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Headlines > Polish women walk out of Catholic churches in protest at bishops' call for stricter abortion laws

07 April 2016 | by Josef Pazderka

Polish women walk out of Catholic churches in protest at bishops' call for stricter abortion laws


Poland already has one of the most restrictive abortion laws in Europe and the new plans have infuriated pro-choice groups

Several groups of Polish Catholic women walked out of church services in Warsaw and Gdansk to protest against a proposed tightening of the country’s abortion laws.

A video posted on Facebook shows women leaving Warsaw church of Saint Anna and shouting "scandal" as a priest read out a letter from Polish Catholic bishops in favour of the total ban on abortion. The same church service walkout took place in Gdansk St Mary´s cathedral.

"Every woman, every person has a right to choose. I do not push anyone to make an abortion but I think we cannot simply ban abortion in cases of women in various difficult situations," said one of the Warsaw protesters, Iga Zagrzejewska, to the Polish Gazeta Wyborcza daily.

"We have no right to force this ban on women," said Anna Zawadzka, another woman who walked out of the church service in Warsaw.

Poland already has one of the most restrictive abortion laws in Europe. The country allows the termination of a pregnancy only at an early stage and when it threatens the life or health of the mother, when the baby is likely to be permanently handicapped or when pregnancy originates from a crime such as rape or incest.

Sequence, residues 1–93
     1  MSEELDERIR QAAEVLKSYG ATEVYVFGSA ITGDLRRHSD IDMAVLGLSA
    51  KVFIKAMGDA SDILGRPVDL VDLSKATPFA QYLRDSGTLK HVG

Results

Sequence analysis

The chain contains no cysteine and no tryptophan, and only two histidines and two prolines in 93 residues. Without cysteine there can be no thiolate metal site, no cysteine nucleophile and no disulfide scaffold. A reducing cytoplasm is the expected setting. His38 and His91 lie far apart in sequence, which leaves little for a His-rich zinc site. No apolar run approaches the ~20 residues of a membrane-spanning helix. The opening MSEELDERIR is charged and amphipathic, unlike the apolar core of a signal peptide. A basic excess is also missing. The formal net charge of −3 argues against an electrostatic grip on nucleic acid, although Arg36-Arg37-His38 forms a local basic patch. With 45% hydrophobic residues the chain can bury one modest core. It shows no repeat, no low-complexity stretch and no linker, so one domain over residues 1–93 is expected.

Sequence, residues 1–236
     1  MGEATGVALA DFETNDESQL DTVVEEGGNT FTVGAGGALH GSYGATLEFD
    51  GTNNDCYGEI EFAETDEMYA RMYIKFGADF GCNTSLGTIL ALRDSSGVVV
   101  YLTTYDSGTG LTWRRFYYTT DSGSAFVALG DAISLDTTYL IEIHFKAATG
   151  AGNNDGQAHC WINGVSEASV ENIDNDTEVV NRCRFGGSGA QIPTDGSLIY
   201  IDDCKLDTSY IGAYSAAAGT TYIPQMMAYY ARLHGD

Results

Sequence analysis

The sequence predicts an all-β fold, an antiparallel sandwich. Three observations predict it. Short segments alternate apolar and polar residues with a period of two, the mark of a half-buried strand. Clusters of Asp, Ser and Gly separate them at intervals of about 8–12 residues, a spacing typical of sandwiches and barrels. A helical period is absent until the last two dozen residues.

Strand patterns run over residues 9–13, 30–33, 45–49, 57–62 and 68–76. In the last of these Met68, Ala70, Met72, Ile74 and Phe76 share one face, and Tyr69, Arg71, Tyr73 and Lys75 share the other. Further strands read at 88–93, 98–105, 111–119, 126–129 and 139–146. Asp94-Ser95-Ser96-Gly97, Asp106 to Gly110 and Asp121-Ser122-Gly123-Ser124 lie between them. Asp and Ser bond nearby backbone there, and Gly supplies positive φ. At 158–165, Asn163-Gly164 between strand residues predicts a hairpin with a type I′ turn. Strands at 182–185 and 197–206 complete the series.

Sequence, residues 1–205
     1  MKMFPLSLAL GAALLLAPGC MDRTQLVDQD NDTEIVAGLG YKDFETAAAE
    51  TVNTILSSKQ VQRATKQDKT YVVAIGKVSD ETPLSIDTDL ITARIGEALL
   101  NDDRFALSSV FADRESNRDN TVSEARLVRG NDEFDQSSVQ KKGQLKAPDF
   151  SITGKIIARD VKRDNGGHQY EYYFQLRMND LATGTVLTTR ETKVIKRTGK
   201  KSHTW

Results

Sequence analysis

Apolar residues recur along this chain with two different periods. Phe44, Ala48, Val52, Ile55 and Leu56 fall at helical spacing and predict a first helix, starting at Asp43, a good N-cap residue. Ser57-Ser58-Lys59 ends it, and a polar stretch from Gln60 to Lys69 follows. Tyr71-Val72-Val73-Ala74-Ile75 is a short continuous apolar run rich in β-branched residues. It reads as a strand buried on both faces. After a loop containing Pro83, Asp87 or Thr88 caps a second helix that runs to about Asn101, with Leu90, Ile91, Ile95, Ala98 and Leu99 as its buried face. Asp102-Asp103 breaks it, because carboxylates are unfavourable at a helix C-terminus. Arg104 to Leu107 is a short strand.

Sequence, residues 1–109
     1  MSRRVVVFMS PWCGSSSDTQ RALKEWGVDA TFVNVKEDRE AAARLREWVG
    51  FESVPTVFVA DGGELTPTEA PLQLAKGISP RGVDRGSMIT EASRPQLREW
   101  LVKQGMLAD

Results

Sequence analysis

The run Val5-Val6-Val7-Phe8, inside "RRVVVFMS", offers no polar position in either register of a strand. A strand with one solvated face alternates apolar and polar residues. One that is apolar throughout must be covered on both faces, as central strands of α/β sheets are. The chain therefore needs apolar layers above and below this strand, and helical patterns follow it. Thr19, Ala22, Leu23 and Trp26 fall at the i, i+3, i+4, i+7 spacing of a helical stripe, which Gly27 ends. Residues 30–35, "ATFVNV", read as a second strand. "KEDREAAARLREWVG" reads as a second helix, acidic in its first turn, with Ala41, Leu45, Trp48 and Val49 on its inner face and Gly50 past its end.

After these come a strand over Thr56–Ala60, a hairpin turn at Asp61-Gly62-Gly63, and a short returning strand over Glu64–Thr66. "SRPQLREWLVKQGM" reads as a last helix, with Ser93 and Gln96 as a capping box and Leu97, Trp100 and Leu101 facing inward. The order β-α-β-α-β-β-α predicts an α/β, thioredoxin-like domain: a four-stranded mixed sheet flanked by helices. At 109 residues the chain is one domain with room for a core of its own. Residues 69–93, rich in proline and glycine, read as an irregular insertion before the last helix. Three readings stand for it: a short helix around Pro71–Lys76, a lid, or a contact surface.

In a letter read out in Polish churches on Sunday, however, bishops called for legislative action to tighten this regulation. “Catholics’ position on this is clear, and unchangeable. One needs to protect every person’s life from conception to natural death,” they said. “We ask the lawmakers and the government to initiate the legislation."

The public debate around reproductive rights in Poland has been building for months. The conservative Law and Justice (PiS) party, which came to power last October, plans to tighten regulations to bring them into line with the Catholic Church’s teachings. The PiS leader, Jaroslaw Kaczynski, told reporters that as a Catholic, he had to follow the bishops’ call. He said he would not force his party to vote for a ban in parliament, but was “convinced that a vast majority of the caucus, or perhaps all of it, will back the proposal”.

The call of Catholic bishops and the plans of the conservative Polish government infuriated liberal Catholics and women’s rights activists. Some 7000 people protested outside the Polish parliament on Sunday against the plans for a total abortion ban. “Even Iran’s abortion laws are more liberal than this proposal. That’s why we must protest,” said Marta Nowak, one of the protesters at the rally organised by the Polish leftwing Together party.

Official statistics show only a few hundred abortions are performed in Poland every year, but pro-choice campaigners say underground abortions are common.

In last year’s general election the Law and Justice Party became the first party since Poland rejected communism to achieve an overall majority, winning 235 of the 460 seats of the Sejm, the Polish parliament. 

They also gained control of the upper house of the Poland’s legislature, taking 61 of the 100 seats in the Senate, in what was seen as a large mandate for their pro-life social conservative agenda.
 

Watch the video allegedly showing women walking out of St Mary's church





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